15 June, 2021

Amu Darya Flows In South Asia

From Gen Zia’s unchecked Islamisation to drug abuse and a rampant gun culture, Pakistan was deeply affected by USSR’s invasion of Afghanistan

Photograph by Alamy
Amu Darya Flows In South Asia

The nine-year Soviet military int­ervention in Afghanistan (Dec­ember 1979-February 1989) led to a multi-dimensional conflict and not merely, as this book’s­ title suggests, an Afghan-Soviet war. It was a ‘holy war’ against an occupying power and a Communist Afghan government perceived to be un-Isla­mic, if not anti-Islamic. It also became a decisive engagement of the Cold War. For Pakistan, which not only helped the Mujahideen, but was an active participant in a war that provided an opp­ortunity to acquire benefits, but at long-term costs. Imrana Begum’s main interest is on this last aspect: the widespread and continuing consequences of the conflict on Pakistan. She covers them comprehensively and competently. She also dwells on developments in Afghanistan that led to the Soviet intervention.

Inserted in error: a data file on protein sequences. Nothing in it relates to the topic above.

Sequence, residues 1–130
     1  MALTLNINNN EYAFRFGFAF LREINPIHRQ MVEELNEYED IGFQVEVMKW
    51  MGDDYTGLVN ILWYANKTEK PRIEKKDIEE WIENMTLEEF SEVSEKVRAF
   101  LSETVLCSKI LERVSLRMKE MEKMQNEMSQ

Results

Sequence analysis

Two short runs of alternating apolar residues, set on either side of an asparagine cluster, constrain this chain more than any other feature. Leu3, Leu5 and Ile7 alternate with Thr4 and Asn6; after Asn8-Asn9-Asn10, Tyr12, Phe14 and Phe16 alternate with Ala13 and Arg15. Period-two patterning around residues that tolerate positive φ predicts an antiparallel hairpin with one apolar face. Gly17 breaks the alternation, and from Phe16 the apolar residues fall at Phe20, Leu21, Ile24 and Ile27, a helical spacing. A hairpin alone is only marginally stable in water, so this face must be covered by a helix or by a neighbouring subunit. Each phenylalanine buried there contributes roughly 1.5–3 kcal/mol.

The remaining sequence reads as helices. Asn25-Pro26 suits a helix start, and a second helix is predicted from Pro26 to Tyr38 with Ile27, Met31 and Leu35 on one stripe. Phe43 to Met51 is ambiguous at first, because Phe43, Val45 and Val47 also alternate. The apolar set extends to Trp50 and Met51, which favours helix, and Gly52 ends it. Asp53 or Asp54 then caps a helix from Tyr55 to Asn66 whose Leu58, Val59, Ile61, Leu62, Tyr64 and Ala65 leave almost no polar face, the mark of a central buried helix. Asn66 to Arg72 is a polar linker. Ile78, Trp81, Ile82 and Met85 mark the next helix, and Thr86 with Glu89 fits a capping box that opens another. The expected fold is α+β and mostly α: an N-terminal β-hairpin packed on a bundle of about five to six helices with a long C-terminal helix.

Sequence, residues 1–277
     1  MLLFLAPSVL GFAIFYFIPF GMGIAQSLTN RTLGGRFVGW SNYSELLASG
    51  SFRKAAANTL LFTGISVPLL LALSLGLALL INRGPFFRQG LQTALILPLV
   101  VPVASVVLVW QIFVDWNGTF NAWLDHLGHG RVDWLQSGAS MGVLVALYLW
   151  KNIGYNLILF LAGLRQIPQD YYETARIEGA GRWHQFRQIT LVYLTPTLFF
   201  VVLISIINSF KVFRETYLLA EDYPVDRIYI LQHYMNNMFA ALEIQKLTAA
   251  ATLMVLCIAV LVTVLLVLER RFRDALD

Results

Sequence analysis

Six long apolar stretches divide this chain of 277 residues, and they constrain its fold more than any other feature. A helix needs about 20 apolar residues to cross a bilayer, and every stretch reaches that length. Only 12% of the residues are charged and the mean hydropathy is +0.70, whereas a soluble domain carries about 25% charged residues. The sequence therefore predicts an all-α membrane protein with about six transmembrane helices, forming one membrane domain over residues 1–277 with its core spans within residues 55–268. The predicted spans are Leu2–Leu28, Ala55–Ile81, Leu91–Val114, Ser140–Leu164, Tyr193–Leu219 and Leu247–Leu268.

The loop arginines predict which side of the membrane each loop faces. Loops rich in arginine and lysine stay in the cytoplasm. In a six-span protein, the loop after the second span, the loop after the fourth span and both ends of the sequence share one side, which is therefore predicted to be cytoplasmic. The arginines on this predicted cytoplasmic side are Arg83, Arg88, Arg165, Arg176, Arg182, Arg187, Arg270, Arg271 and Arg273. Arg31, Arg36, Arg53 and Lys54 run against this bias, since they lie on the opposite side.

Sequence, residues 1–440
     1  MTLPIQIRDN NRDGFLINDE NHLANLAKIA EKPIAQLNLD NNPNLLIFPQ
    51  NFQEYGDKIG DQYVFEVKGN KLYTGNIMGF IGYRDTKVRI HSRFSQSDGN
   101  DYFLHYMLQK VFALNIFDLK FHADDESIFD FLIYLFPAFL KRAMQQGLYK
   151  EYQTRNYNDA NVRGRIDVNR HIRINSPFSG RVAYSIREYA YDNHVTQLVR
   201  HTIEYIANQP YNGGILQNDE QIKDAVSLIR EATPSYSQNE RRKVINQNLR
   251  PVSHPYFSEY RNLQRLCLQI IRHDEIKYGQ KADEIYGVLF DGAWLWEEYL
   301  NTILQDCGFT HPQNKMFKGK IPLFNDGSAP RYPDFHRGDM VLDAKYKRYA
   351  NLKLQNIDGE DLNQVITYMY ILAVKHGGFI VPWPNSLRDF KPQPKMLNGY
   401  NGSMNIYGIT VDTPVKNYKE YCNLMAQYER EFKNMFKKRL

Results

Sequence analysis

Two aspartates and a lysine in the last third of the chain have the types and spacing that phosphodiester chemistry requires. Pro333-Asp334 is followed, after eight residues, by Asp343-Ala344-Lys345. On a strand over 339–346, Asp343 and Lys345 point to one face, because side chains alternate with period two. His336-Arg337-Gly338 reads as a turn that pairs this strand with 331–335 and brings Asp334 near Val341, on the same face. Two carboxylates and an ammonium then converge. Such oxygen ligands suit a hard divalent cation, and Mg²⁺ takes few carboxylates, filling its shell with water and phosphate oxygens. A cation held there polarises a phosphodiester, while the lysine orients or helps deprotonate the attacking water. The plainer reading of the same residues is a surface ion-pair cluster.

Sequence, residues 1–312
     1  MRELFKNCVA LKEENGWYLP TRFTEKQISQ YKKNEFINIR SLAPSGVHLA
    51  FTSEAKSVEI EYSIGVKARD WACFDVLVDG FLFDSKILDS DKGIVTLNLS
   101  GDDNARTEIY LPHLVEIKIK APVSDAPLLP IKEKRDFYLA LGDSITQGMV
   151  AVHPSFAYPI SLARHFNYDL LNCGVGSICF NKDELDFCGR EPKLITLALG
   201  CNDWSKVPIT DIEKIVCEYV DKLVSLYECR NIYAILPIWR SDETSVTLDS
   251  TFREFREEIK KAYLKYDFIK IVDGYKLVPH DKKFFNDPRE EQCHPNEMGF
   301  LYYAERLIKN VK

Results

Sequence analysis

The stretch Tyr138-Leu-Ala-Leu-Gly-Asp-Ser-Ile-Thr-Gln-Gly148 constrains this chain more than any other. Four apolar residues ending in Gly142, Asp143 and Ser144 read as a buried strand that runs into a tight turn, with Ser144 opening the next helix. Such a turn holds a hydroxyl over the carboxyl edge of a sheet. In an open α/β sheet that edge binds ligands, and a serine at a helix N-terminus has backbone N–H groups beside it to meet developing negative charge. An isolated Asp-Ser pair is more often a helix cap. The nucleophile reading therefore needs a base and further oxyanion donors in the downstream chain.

The Soviet move came at the fag end of a year (1979) that recast West Asia. It witnessed the Islamic Revolution in Iran, Saddam Hussein’s elevation to Iraq’s presidency, radical Islamists’ attack on Mecca’s Grand...

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